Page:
Palatal anesthesia is often necessary and one of the most unpleasant things we do for patients. There are a number of ways today to reduce the stick of a palatal injection from using the “Wand” from Compudent to buffering your anesthetic from Onpharma. Even with all this new technology I still find patients hate even the idea of a palatal injection. many years ago I learned a method for obtaining palatal tissue anesthesia without the stick. I follow my routine of beginning with topical gel. I inject a quarter carpule of carbocaine plain as an infiltration. I follow this with three-quarters of a carpule of septicaine again as an infiltration. After waiting a few minutes I place the tip of the needle with the remaining septicaine into the papilla about 3mm from the tip and aimed to the palatal and begin to inject.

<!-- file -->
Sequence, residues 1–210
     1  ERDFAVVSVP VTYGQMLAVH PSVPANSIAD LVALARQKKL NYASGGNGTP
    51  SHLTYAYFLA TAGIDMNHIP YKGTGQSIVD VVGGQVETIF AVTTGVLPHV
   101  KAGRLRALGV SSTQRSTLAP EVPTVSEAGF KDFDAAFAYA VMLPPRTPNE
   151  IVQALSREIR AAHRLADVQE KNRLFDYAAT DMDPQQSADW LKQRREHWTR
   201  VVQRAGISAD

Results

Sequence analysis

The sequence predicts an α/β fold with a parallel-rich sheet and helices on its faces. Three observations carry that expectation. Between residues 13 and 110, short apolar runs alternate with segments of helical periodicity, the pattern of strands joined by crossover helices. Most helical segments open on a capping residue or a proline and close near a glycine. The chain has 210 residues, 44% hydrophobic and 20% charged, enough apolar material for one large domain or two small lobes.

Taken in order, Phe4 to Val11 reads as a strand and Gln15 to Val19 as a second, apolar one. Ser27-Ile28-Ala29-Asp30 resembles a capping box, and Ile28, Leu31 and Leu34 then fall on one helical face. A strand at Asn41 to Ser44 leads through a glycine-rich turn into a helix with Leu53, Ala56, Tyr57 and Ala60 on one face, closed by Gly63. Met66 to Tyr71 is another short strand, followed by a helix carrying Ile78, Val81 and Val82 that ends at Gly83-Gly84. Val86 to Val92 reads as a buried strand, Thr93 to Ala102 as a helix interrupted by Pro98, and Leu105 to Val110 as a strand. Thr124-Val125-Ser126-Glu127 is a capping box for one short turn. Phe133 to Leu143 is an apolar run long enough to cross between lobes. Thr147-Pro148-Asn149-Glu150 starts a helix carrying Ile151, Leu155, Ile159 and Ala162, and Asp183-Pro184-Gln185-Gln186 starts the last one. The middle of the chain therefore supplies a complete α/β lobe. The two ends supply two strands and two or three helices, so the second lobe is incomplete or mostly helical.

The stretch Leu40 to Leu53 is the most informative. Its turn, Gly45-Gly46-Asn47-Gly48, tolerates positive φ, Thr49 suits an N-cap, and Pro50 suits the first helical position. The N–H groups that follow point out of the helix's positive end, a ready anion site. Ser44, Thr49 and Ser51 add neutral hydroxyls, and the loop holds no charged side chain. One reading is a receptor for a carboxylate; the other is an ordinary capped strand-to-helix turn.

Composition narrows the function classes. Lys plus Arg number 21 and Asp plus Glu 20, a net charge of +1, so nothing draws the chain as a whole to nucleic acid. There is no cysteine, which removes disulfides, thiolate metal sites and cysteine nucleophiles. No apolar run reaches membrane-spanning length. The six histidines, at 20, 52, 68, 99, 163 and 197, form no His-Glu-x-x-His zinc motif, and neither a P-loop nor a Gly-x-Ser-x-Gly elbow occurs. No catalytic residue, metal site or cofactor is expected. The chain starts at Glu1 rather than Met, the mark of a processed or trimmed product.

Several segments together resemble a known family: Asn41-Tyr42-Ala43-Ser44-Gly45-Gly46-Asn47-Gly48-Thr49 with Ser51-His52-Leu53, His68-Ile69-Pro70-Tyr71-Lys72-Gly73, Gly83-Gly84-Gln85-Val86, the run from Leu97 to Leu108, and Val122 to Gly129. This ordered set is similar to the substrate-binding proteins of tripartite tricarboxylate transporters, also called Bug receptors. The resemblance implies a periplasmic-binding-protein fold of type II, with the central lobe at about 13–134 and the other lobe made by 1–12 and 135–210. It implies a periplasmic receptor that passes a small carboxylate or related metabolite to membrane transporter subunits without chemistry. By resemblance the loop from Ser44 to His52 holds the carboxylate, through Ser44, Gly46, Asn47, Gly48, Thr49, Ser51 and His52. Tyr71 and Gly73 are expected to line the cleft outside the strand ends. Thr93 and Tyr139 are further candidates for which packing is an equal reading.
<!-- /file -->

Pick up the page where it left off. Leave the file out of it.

I watch as the tissue blanches towards the palatal. Typically if I do the papilla on each side of the tooth the anesthesia ont he palate meets in the middle and is profound. If I have to I can follow the blanching and inject directly in the palatal tissue and the patient will not feel it as the area I am injecting into is already numb. This type of palatal anesthesia is more than adequate for placing cord or even extracting the tooth.